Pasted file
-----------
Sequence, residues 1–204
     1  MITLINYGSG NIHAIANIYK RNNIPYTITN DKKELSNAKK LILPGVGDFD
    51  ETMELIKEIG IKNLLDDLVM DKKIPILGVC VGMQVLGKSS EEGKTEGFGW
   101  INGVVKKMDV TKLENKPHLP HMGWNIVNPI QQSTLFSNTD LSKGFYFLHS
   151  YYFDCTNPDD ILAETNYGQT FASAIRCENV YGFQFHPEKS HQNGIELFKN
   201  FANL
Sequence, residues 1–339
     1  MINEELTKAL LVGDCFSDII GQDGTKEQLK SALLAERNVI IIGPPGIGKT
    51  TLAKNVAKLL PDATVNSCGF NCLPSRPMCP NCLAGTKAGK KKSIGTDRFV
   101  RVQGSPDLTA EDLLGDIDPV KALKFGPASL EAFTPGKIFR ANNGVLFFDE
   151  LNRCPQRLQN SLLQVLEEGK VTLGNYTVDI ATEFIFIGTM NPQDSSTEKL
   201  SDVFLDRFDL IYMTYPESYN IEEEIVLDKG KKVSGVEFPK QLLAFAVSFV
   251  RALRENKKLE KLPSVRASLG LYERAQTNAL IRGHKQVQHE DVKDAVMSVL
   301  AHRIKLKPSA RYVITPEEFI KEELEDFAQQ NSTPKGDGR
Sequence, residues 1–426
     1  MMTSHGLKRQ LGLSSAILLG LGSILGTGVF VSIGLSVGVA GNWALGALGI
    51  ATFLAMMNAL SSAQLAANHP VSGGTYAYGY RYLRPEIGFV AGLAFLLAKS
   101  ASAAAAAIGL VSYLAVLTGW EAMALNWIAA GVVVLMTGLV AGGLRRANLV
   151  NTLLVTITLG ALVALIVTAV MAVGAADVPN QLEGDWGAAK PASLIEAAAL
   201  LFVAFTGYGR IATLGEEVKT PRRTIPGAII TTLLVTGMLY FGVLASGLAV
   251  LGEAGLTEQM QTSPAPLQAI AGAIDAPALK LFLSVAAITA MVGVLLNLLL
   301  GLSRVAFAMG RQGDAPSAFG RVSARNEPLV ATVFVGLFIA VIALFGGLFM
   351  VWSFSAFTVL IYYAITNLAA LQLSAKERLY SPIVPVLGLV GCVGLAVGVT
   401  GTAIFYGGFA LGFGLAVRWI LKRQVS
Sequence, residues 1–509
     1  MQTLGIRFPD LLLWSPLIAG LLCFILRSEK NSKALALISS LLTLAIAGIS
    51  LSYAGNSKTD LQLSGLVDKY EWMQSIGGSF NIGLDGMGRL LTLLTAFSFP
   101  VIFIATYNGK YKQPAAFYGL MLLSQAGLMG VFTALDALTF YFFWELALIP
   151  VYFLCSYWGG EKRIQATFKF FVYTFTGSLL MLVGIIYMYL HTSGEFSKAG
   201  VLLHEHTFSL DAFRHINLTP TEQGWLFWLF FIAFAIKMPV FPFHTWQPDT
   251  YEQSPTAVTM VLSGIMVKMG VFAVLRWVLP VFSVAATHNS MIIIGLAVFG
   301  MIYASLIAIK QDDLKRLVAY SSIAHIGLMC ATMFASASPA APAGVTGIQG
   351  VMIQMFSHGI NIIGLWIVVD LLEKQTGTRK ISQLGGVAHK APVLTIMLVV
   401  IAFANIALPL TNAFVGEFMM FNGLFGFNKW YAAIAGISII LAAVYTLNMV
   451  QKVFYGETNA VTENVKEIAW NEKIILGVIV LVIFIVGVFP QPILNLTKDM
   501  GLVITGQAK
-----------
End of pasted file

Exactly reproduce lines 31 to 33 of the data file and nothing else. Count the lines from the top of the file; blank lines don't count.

   251  YEQSPTAVTM VLSGIMVKMG VFAVLRWVLP VFSVAATHNS MIIIGLAVFG
   301  MIYASLIAIK QDDLKRLVAY SSIAHIGLMC ATMFASASPA APAGVTGIQG
   351  VMIQMFSHGI NIIGLWIVVD LLEKQTGTRK ISQLGGVAHK APVLTIMLVV